November 5, 2005
Wednesday afternoon found AOPA President Phil Boyer moving from TV camera to TV camera in back-to-back interviews outside AOPA headquarters. Most of what he said, unfortunately, never got on the air, but getting correct information to the reporters was important nevertheless. Of course, some of what he said was never meant to get on the air. Get a behind-the-scenes look in this short (1:30) video of how much fun the "serious business" of news can be!
In the hours after the incident, AOPA President Phil Boyer and members of the AOPA media relations staff focused on correcting the many factual errors and misconceptions appearing in news reports.
AOPA staff spoke with most of the major media outlets, including CNN, ABC, and NBC, in an effort to correct the sometimes-outrageous statements being made by so-called aviation experts with little or no understanding of general aviation.
"A Cessna 150 is an extremely small two-seat airplane. Even fully loaded it weighs significantly less than a Honda Civic. It's simply incapable of doing much damage," said Boyer. "From what we can tell, these pilots simply made the mistake of getting lost in some of the most complex and highly regulated airspace in the country."
AOPA spoke to dozens of news outlets following Wednesday's incident, including: CNN, ABC, CBS, KTVU-TV, WABC-TV, WBAL-TV, WJLA-TV, WUSA-TV, WTOP Radio, Chicago Tribune, The Associated Press, The Baltimore Sun, The Washington Post, and The New York Times.
Pilots who flew their Cessna 150 into prohibited airspace over Washington, D.C., Wednesday, causing evacuations of the White House, Capitol, and Supreme Court, apparently failed to properly plan their flight.
Hayden Sheaffer and Troy Martin, a student pilot, were flying from their home base at Pennsylvania's Smoketown Airport (S37), to a fly-in in Lumberton, North Carolina - a path that took them into the Washington Metropolitan Air Defense Identification Zone (ADIZ) and within three miles of the Capitol.
"We're relieved that the system for detecting and diverting errant aircraft worked, but this is a hard lesson that all pilots should learn from. Every pilot is responsible for proper flight planning, and in today's security environment, you just can't afford to make mistakes," said AOPA President Phil Boyer.
The pilots had apparently discussed their plans for the flight at a recent meeting of the flying club of which they are members. The men, who each own one-tenth of the aircraft, had followed club procedures for scheduling the airplane for the trip. Contrary to media reports, neither man is a flight instructor.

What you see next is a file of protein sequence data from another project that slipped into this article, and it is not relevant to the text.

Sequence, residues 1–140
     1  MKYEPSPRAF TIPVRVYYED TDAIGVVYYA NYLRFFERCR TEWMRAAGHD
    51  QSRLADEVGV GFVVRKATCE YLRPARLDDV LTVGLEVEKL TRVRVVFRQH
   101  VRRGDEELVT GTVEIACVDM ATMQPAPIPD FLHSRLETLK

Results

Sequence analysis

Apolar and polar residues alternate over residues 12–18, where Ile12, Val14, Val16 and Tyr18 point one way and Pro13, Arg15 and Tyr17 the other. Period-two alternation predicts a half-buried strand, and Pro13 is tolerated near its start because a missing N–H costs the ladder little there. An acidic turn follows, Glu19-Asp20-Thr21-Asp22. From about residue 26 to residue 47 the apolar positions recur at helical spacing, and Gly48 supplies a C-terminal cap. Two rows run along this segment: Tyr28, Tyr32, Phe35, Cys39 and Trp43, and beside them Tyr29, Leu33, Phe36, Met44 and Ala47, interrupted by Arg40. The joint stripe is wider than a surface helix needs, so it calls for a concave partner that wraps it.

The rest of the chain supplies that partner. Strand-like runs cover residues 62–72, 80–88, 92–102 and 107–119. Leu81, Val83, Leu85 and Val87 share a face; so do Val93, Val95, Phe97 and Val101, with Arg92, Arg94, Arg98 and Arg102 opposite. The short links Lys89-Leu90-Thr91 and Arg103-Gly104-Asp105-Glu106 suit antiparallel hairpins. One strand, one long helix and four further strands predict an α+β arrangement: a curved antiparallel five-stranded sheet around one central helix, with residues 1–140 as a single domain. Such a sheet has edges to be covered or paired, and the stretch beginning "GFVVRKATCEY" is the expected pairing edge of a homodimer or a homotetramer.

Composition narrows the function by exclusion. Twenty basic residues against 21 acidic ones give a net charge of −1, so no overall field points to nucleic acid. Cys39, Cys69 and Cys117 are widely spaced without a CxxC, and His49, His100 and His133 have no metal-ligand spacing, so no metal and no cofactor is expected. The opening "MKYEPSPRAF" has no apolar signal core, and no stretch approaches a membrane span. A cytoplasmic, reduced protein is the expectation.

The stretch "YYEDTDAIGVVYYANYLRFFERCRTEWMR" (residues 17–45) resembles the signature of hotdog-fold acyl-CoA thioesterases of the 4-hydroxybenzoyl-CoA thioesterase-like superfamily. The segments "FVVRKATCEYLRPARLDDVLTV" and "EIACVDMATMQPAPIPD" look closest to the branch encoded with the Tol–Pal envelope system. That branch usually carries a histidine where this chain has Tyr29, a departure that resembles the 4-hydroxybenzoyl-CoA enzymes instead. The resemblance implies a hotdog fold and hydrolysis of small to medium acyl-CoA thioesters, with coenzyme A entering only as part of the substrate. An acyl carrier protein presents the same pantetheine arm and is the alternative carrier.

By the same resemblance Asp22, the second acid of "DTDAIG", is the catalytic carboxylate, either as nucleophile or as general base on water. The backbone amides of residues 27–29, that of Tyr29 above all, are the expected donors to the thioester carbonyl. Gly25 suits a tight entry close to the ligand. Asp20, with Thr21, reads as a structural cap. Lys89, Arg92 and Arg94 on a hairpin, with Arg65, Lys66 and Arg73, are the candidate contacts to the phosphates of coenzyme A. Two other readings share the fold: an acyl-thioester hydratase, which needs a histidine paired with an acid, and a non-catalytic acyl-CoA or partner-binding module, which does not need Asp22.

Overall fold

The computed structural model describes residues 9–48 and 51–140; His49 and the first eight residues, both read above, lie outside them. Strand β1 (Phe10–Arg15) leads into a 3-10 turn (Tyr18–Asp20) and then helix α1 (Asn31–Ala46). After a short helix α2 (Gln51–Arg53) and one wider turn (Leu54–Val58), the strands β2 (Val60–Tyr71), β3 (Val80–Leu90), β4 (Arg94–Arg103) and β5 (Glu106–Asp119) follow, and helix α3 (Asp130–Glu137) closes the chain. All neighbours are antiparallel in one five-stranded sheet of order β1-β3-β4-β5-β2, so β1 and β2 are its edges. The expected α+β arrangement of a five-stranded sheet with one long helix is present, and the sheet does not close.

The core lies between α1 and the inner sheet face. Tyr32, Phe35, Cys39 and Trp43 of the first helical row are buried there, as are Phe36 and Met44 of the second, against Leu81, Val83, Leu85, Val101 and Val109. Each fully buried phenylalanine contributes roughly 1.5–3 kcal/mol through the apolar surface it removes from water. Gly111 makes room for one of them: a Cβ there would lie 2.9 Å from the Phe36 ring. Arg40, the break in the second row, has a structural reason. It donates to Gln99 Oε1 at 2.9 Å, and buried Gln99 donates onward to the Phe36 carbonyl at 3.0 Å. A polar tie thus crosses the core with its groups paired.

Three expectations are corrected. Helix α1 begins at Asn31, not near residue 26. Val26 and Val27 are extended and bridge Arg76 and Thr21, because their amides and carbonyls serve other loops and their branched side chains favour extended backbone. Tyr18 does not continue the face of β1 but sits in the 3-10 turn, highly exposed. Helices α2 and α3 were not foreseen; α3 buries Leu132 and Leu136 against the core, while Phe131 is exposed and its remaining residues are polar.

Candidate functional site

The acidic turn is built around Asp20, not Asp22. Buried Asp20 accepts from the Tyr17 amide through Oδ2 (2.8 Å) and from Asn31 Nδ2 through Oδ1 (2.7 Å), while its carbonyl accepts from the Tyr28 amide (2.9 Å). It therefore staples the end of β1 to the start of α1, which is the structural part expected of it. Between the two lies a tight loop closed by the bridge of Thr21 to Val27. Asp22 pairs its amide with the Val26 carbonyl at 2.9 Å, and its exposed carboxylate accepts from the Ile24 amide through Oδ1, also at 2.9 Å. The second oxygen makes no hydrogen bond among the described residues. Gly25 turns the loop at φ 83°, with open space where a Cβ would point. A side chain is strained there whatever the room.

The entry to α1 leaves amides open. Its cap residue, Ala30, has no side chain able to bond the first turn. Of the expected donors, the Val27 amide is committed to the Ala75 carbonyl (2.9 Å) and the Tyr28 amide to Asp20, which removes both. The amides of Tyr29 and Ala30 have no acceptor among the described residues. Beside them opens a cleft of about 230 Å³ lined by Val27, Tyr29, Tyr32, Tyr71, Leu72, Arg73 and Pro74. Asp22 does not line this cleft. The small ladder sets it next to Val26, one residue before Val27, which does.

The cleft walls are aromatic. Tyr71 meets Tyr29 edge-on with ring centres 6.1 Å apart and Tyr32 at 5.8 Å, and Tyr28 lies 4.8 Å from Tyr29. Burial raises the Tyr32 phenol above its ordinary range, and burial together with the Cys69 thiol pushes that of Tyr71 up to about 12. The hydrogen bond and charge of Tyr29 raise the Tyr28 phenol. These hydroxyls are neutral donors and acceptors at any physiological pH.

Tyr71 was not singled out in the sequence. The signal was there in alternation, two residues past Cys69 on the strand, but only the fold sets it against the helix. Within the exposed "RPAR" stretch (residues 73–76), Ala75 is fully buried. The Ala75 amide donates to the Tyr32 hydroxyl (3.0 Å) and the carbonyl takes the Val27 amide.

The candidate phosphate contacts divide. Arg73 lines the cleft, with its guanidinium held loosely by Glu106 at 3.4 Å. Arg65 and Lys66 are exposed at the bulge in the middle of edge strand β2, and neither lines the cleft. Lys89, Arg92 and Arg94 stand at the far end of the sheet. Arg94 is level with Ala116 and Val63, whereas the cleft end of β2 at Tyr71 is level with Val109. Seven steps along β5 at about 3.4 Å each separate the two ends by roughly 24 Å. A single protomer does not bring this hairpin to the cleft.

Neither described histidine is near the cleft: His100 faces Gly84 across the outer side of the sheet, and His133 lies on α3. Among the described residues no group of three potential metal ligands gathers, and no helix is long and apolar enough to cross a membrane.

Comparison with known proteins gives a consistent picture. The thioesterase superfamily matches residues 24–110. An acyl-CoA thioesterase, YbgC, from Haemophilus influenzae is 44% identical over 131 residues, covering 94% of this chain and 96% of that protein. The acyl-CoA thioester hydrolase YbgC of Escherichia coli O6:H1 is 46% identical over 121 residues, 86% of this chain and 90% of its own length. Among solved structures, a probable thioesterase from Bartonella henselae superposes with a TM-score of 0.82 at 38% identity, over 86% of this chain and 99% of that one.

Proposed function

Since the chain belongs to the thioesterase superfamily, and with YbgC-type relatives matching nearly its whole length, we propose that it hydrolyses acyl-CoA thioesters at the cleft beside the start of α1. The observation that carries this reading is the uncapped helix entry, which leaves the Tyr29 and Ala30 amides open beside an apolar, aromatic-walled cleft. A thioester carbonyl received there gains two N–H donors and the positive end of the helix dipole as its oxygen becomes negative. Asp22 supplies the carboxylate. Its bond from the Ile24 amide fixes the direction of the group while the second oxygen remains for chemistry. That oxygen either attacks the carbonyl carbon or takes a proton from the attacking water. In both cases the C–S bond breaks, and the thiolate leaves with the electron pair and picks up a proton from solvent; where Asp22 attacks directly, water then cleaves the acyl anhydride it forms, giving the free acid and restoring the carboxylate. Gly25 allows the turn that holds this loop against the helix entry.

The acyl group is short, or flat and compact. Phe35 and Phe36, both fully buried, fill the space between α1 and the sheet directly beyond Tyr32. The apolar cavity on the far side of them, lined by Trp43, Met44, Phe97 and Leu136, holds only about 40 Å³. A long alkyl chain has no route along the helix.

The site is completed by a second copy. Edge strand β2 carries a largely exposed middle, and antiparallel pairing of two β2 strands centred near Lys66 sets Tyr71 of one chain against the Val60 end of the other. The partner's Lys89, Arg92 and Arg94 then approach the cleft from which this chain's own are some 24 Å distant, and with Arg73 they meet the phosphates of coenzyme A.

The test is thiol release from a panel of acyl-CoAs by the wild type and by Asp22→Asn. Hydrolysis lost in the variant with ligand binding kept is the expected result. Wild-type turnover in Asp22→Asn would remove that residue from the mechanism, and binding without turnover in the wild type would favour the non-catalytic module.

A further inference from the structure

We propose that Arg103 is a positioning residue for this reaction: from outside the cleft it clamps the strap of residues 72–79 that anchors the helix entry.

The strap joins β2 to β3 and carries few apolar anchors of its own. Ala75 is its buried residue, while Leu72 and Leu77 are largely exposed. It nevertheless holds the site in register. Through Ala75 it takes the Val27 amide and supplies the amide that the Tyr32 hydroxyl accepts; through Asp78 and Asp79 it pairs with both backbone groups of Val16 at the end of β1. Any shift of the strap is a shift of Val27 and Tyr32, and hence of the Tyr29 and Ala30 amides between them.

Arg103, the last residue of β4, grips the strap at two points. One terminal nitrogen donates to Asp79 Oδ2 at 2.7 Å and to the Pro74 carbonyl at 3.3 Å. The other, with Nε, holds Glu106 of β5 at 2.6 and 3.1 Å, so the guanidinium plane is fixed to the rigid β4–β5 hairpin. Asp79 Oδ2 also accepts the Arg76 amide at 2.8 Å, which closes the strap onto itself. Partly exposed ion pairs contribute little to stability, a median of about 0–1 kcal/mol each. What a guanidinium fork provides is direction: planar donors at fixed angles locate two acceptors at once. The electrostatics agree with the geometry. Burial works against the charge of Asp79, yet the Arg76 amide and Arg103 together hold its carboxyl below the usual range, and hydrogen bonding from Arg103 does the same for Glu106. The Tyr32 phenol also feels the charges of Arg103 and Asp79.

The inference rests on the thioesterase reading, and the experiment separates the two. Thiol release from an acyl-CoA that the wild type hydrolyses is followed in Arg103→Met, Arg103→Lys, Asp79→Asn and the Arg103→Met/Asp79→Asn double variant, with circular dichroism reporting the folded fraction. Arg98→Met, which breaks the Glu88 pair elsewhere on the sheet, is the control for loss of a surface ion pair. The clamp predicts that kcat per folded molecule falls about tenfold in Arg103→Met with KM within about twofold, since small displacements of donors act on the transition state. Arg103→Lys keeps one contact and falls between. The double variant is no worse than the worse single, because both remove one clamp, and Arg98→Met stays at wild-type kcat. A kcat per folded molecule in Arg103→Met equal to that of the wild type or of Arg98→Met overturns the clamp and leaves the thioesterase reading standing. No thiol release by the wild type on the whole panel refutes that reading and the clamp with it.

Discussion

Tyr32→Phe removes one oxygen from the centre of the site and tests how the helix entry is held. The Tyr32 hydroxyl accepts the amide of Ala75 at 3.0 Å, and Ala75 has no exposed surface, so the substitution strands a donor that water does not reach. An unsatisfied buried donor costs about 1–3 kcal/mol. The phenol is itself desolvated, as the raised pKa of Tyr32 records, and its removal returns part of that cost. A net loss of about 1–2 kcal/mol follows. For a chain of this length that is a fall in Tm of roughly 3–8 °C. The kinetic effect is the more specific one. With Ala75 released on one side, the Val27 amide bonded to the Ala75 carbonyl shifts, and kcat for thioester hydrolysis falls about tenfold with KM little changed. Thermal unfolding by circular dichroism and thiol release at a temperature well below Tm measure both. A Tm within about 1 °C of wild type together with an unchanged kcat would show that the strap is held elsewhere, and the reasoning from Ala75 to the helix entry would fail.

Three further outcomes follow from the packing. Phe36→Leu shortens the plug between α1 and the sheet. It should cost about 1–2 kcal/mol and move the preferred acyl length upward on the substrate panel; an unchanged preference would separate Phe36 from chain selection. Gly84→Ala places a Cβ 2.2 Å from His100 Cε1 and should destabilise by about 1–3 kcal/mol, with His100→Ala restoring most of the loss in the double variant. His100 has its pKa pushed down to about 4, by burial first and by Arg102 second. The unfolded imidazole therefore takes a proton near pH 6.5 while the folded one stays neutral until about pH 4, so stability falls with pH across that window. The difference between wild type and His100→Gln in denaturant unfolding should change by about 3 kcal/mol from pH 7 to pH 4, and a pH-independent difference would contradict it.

"We can't believe it," said David Nye, president of the flying club. He added that he didn't understand how the pilots could have been unaware of the airspace restrictions, saying that AOPA has done everything possible to educate pilots about the ADIZ and proper procedures for operating in the Washington area.
The airplane flew into restricted airspace and was intercepted by a U.S. Customs and Border Protection (CBP) Black Hawk helicopter and Citation jet. Crews in those aircraft attempted to establish radio communications with the pilots. Two F-16s dropped four warning flares in the path of the airplane in an effort to divert it. The Citation crew was then able to talk to the pilots and ordered the aircraft to fly west to Frederick, site of AOPA headquarters, escorted by the CBP aircraft, where it landed shortly before 1 p.m. Once on the ground, the pilots were arrested by CBP agents and Maryland State Police troopers.
Merv King, also a member of the flying club, said he was certain that the airspace incursion was unintentional.
"I know these people. Not one of them would do anything to harm anyone," King said.
The men exited the aircraft at gunpoint before being handcuffed and detained for questioning by the Secret Service. No criminal charges were filed against the men. Both men reportedly cooperated with authorities and were released the same day.
The aircraft was detained on the runway at Frederick while a bomb-sniffing dog was called to the scene. Lt. Ken Hasenei of the Maryland State Police, who described the use of a bomb dog as a "routine precaution," said the aircraft had been searched and there was no reason to believe it contained explosives. The aircraft was later towed to a hangar at Frederick.
Update: May 13, 2005, 1:09 p.m.
The newest TBM does 330 knots and goes 1,730 nautical miles--and it's in production now.
You'll never guess what goes on inside this sleepy-looking, country home.
It is full of history, and ready for you to come browse.
AOPA thanks our members for their continued support in protecting the freedom to fly.